Aftermath[edit]

After the Battle of the Conwy, Mercia was forced to abandon its claim to lordship over north Wales, although Æthelred continued to attempt to exercise power over the south-eastern Welsh kingdoms of Glywysing and Gwent. These kingdoms sought the lordship of Alfred the Great, according to his biographer, Asser, "driven by the military power and tryanny of Ealdorman Æthelred and the Mercians". Æthelred followed in accepting West Saxon lordship by 883. In the view of Thomas Charles Edwards:

The implication of all this is that the Mercian submission to Alfred – a crucial step in the creation of a single English kingdom – occurred not just because of one battle, Alfred's victory over the Great Army at Edington in 878, but also because of another, more distant battle, 'God's revenge' on the Mercians at the Conwy, when Anarawd of Gwynedd and his brothers defeated Æthelred and so brought about that collapse of the Mercian hegemony in Wales from which Alfred was only too pleased to benefit.[6]

Gwynedd formed an alliance with the Vikings of Northumbria soon after the battle, and according to Asser the south-west Welsh kingdom of Dyfed and the central southern kingdom of Brycheiniog sought Alfred's lordship due to the tyranny of Gwynedd. Asser also stated that Anarawd abandoned his Viking alliance because it brought him no benefit and submitted to Alfred. In Charles-Edwards' view, this may have been because Viking raids on Gwynedd continued. Welsh annals record an attack by the 'Dark Northmen' on Gwynedd in 892.[7]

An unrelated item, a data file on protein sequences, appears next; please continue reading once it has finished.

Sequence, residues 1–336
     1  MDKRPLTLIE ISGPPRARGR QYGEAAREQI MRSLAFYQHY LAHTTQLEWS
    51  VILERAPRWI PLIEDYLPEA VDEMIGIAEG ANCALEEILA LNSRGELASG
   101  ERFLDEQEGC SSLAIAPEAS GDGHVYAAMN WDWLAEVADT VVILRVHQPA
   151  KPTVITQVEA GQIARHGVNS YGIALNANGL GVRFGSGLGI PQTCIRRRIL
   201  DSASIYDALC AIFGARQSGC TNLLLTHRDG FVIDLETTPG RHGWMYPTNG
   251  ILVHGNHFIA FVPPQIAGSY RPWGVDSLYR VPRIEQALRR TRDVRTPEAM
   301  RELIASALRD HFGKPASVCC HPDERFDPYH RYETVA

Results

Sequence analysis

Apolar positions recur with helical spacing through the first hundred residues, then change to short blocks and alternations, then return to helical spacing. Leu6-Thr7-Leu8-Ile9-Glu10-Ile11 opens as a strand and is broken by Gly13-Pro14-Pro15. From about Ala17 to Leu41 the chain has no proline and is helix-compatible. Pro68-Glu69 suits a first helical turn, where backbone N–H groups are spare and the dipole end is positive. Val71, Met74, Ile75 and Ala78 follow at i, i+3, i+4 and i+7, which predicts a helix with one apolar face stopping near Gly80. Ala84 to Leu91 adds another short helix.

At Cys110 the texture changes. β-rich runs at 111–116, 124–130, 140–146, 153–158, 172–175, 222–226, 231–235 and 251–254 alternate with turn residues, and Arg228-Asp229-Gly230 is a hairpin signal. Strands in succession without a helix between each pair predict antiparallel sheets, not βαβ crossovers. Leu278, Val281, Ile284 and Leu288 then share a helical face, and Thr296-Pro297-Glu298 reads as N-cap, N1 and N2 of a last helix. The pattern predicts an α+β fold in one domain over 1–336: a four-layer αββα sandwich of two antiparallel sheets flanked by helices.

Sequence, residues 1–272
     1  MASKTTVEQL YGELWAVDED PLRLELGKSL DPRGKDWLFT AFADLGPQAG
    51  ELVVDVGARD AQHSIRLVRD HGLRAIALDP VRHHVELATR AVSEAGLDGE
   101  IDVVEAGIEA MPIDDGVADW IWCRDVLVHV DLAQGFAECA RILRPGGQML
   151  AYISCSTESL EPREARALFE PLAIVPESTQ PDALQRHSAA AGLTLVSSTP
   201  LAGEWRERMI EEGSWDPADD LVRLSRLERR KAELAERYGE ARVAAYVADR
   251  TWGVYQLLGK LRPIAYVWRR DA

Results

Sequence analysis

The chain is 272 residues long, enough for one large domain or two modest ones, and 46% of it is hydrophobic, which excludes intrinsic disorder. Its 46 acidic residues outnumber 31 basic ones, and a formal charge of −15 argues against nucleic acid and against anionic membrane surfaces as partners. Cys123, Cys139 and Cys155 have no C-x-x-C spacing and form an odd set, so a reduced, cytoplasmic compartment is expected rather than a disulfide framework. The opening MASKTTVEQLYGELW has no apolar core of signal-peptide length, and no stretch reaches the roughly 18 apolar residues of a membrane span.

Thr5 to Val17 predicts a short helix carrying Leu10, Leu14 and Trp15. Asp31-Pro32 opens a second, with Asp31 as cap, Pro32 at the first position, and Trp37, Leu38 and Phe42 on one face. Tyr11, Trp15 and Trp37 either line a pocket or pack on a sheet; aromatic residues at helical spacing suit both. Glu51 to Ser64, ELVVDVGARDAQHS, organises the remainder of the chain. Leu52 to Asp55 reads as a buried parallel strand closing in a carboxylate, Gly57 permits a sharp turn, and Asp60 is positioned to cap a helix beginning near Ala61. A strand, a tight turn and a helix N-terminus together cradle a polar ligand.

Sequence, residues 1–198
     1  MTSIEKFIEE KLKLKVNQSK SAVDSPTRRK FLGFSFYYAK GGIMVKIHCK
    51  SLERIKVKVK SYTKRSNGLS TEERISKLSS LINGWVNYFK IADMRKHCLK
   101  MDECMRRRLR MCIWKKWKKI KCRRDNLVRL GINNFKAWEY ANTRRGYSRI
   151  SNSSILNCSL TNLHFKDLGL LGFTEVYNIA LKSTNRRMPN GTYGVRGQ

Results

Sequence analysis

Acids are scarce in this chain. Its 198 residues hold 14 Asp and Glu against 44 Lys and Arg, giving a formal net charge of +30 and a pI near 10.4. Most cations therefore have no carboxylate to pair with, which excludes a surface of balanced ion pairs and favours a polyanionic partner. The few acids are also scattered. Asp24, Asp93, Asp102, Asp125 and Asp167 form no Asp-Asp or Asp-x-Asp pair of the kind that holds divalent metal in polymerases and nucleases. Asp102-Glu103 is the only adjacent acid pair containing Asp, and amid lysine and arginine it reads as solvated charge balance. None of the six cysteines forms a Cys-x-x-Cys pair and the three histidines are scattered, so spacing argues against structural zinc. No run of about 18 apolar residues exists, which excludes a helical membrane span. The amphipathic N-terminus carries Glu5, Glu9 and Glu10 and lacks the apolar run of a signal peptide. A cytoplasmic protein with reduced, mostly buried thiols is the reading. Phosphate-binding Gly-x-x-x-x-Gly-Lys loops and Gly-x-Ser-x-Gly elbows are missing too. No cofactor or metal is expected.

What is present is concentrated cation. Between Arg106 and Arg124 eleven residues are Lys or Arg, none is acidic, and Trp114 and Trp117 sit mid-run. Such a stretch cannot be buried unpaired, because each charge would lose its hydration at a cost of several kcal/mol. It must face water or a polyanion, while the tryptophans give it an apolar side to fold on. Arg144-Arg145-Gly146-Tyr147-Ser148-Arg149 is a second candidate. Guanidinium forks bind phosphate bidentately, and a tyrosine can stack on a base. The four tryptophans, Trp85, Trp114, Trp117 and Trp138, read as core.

Notes[edit]

  1. ^ The History of Wales published in 1697, was described as a work in Welsh by the twelfth-century Welsh writer Carradoc Of Lhancarvan, translated by the sixteenth-century Welsh historian David Powel, and augmented and improved by W. Wynne.[5]

References[edit]

  1. ^ Charles-Edwards, pp. 413, 486
  2. ^ Williams, "Ceolwulf II"
  3. ^ Charles-Edwards, pp. 486–490
  4. ^ Keynes, p. 19 and n. 84; Carrodoc, p. 38
  5. ^ Carrodoc, frontispiece
  6. ^ Charles-Edwards, p. 493
  7. ^ Charles-Edwards, pp. 491–494

Coordinates: 53°17′N 3°50′W / 53.28°N 3.83°W / 53.28; -3.83

Sources[edit]

  • Carradoc Of Lhancarvan (1697). The History of Wales. Translated by David Powel and. Augmented by W. Wynne. 
  • Charles-Edwards, Thomas (2013). Wales and the Britons 350–1064. Oxford University Press. ISBN 978-0-19-821731-2. 
  • Keynes, Simon (1998). "King Alfred and the Mercians". In Blackburn, M. A. S.; Dumville, D. N. Kings, Currency and Alliances: History and Coinage of Southern England in the Ninth Century. ISBN 0-85115-598-7. 
  • Williams, Ann (1991). "Ceolwulf II, king of Mercia 874–879". In Ann Williams; Alfred P. Smyth; D. P. Kirby. A Biographical Dictionary of Dark Age Britain. Seaby.